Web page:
New York Yankees Pitchers Keep Pitching Out Of Jams

The Yankees pitchers were good even when they weren’t dominant in Friday’s 4-3 over the Cardinals which is what made the difference. Masahiro Tanaka gave up three runs in 6.1 innings but still retired 15 of 17 during one stretch.

After Tyler Clippard pitched out of a jam, Dellin Betances threw 10 balls and 10 strikes but still struck out the side in a scoreless eighth. And Aroldis Chapman picked up the save despite surrendering a walk and a double.

“You want to see them be able to do that because those are the big outs,” Girardi said. “When things are going great anyone can get outs. Not anyone, but to get out of some tough situations, runners in scoring position, second and third with one out for Clippard to be able to get out of that, and then Dellin to get out of his inning, and Chapman to get out of his inning just shows you the kind of stuff that they have.”

Tanaka entered the game with an ERA of 11.74, although in fairness to the righty it was only in two starts and a bad Opening Day can leave a pitcher trying to lower his ERA for the next month. Three batters into the game, Matt Carpenter crushed a two-run homer but Tanaka looked better after Starlin Castro tied the game in the bottom of the inning, almost giving Tanaka a mulligan. Girardi said that he felt Tanaka’s stuff got really sharp in the third inning. Between the second and sixth innings, the only runners to reach were Aledmys Díaz on a pop fly double that was just fair and bounced into the seats, and Matt Carpenter on a pitch around walk with first base open.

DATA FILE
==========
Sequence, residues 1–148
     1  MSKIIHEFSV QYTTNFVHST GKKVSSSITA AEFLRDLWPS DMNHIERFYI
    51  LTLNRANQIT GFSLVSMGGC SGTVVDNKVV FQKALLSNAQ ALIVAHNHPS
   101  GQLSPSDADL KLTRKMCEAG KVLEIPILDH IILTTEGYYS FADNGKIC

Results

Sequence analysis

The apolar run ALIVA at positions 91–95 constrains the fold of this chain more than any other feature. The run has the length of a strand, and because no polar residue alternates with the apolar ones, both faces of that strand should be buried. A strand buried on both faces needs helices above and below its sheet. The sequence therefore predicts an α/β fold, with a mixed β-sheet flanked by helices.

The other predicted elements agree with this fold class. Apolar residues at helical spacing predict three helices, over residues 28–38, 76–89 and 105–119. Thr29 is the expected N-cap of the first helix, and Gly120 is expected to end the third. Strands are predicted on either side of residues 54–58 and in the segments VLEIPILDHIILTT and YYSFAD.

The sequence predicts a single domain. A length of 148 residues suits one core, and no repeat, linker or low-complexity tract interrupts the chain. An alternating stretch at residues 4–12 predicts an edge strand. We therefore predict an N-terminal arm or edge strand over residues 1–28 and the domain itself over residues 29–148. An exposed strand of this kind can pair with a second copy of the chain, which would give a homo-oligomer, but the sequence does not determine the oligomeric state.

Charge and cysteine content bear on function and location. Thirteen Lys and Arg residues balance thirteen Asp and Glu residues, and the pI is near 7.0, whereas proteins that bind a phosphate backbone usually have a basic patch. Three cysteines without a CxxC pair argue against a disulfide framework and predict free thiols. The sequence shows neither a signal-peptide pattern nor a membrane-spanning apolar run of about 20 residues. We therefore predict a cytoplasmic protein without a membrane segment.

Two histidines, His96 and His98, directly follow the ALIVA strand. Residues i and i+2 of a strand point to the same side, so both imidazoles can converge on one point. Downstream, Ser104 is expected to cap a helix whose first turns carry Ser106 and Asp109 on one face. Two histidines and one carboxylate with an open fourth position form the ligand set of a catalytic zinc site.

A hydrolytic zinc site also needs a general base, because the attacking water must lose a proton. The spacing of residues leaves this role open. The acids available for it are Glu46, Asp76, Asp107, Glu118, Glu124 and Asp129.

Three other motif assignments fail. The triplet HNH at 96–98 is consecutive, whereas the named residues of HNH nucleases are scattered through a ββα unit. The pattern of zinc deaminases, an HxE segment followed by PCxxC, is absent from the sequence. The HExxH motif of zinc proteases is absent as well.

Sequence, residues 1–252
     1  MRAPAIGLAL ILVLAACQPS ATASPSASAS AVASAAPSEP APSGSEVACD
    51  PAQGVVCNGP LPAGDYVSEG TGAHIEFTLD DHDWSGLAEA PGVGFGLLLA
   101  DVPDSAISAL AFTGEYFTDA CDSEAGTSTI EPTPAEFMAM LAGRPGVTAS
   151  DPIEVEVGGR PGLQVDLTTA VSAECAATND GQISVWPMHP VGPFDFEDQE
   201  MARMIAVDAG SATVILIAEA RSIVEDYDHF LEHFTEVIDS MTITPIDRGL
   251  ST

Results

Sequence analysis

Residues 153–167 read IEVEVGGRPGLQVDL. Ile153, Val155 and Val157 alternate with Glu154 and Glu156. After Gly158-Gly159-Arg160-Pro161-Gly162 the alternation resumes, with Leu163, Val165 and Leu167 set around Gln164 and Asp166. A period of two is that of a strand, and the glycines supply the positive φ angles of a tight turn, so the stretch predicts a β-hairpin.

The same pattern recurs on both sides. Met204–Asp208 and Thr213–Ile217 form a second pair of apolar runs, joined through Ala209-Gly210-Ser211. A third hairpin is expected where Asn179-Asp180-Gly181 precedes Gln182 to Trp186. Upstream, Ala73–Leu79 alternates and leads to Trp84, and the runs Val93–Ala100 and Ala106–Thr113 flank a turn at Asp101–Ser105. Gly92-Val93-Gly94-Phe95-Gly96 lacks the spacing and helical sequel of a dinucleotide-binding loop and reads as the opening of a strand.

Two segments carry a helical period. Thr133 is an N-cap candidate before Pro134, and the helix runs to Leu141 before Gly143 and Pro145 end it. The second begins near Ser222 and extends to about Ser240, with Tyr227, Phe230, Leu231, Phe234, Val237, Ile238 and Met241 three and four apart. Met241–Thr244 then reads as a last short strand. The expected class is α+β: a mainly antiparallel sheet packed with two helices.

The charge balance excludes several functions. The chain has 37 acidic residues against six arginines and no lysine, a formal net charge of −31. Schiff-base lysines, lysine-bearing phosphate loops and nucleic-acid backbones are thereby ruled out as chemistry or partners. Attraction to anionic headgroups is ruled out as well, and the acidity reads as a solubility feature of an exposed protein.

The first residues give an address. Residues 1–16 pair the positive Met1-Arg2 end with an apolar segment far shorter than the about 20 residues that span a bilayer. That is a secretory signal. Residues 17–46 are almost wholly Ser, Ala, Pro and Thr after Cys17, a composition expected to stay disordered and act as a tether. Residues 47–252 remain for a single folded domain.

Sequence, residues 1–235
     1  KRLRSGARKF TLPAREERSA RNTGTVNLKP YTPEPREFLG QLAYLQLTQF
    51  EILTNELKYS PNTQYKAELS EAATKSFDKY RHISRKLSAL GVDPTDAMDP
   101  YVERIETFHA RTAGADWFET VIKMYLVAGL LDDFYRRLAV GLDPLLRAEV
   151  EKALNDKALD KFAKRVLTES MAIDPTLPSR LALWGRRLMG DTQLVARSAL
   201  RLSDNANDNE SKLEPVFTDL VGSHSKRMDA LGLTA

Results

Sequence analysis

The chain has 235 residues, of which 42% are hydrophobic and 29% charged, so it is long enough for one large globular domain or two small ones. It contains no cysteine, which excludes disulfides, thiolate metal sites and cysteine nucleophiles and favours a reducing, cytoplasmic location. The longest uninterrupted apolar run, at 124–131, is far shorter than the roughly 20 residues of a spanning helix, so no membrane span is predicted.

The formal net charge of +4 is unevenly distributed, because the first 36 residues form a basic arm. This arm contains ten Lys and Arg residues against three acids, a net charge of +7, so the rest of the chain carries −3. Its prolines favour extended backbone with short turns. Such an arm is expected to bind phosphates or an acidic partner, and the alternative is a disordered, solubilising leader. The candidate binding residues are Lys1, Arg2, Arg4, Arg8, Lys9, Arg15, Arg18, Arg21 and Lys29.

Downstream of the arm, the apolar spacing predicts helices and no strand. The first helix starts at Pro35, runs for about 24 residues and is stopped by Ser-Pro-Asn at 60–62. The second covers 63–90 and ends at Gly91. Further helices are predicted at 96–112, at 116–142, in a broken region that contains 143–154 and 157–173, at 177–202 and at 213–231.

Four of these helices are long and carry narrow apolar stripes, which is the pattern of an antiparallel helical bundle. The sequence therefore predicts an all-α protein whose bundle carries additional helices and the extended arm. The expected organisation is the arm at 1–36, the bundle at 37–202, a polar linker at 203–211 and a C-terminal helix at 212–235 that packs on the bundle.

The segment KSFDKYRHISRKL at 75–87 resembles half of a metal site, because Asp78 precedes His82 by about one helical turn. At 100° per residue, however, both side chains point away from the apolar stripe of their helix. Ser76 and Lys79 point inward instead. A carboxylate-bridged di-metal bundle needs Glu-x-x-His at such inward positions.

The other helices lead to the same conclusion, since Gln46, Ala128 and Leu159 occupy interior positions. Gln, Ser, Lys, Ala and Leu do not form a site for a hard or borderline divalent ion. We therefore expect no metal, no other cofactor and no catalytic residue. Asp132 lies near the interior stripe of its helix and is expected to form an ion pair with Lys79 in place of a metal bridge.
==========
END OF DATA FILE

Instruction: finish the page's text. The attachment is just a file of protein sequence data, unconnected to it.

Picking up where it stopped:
And Matt Adams began the seventh with a broken bat single to beat the shift. Randal Grichuk’s RBI double ended Tanaka’s night and Clippard entered with runners on second and third but recorded a pair of fly outs.

Betances struck out the side with a walk mixed and then Chapman got Dexter Fowler to ground out with the potential tying and go-ahead runs in scoring position. “They’re strikeout guys that can get big outs when they need to,” Girardi said.

As if hitting Chapman’s fastball, which occasionally can reach 102 or 103 MPH, wasn’t tough enough, he’s been throwing his off speed stuff more often. “I told you in spring training he had a lot better changeup than people knew about,” Girardi said. “And he’s throwing it. And it’s looked pretty darn good.”

The Yankees have been able to shorten games with their terrific bullpen over the years, and Girardi liked seeing them do it even when they weren’t at their best.

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